In many ways, for better or for worse, the White Sox of this century haven't spent a lot of time following the latest developments. Or, if they do, they don't advertise it.
The Sox utilize advanced stats more than they let on, probably because they wouldn't hear the end of it from Hawk Harrelson. But prioritization hasn't made itself evident in their game strategy over the years, whether in more general terms like conserving outs, or more recent developments like frequent defensive shifting.
While other teams ramped up draft and international spending, the Sox dealt from their system and tried to find other teams' discarded undervalued veterans and previously touted young cast-offs. They didn't follow any kind of conventional wisdom when they hired Robin Ventura. And Ventura himself made waves when he brought back the old-school practice of taking infield before the start of every road series.
The Sox have their reasons for doing their own thing, mind you. With Don Cooper and Herm Schneider, they have a support system that can help players flourish when they fell out of favor elsewhere. And by actually giving two craps about preparation this last spring, the Sox's defense tightened up without pursuing run-prevention specialists, which the Mariners turned into a thing when rising to #6org prominence a few years ago, but never paid off. By and large, the Sox have developed their own culture, parts of which give them a unique advantage, and others may cost them an edge.
This being the case, it was a little odd to see the White Sox fall squarely in line with a recent trend on Tuesday by reassigning Harold Baines to serve as an assistant hitting coach for Jeff Manto. They were the second team to tout the creation of an assistant hitting coach role that day -- the Cubs announced their hiring of Rob Deer in the morning.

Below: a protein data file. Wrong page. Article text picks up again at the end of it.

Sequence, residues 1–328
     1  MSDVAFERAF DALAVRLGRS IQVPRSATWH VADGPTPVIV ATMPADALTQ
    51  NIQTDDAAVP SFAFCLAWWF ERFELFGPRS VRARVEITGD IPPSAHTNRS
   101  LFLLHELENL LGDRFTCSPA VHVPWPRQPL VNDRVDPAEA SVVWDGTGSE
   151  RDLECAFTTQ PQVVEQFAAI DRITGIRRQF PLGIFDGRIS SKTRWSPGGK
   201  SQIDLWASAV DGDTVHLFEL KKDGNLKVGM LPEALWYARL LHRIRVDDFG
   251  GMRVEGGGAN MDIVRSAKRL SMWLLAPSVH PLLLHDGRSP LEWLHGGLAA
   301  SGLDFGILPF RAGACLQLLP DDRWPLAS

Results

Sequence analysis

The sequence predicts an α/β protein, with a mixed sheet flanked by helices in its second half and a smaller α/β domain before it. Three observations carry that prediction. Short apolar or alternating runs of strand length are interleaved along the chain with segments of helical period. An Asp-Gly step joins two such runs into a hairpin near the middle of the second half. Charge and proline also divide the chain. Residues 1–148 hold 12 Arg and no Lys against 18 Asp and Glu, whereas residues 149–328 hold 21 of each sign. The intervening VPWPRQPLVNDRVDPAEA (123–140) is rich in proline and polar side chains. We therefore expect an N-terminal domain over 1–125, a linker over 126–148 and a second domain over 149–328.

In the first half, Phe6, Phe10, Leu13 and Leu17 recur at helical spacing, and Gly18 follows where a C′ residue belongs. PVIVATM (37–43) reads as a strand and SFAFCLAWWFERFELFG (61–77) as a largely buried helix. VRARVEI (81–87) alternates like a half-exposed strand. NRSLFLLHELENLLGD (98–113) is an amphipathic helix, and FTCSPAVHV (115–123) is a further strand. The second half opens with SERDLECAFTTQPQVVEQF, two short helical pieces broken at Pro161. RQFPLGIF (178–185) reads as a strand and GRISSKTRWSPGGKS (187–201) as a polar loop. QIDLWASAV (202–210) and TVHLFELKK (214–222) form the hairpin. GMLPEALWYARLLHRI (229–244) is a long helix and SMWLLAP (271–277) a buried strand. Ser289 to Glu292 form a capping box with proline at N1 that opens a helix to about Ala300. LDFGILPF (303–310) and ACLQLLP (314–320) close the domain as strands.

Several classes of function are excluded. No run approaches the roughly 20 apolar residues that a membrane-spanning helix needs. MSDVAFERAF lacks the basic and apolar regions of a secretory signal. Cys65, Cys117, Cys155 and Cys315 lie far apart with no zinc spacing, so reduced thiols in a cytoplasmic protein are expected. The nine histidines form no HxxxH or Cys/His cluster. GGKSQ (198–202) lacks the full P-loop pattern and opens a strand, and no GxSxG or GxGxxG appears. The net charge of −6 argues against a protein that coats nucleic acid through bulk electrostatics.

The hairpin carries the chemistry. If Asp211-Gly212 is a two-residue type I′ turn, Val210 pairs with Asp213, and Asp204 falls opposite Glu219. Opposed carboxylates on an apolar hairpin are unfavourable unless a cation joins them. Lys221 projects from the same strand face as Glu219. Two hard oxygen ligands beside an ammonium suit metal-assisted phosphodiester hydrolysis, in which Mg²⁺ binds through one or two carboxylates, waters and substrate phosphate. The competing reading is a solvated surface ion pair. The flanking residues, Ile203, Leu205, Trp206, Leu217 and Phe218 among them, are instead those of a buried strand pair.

The two Chicago teams joined the Dodgers (John Valentin) in formally naming a second hitting coach this month. And in the near future, the Red Sox, Orioles and Diamondbacks are set to join the party with a two-headed hitting instructor.
That party started in earnest last year, as the Braves -- featuring two late-'80s White Sox! -- and Cardinals enjoyed success with a two-coach approach. They had company, too, with the Padres, Phillies, Tigers and Giants having two coaches with either formal titles, or all-but-official designation.
So the Sox are squarely in the middle of a craze ...
If you listen to Greg Walker, who enjoyed help from Scott Fletcher in his first season with the Braves, the White Sox have been doing it all along:
"I think baseball is waking up and realizing that this job is more than one person can handle," said Braves hitting coach Greg Walker, who worked with assistant Scott Fletcher this year.
Walker was stationed at the forefront of the dual-hitting-coach movement when he had an assistant, Mike Gellinger, while with the White Sox from 2003-11. That experience has prompted Walker to say he won't do the job any other way, something he told the Braves when he interviewed for their position last offseason.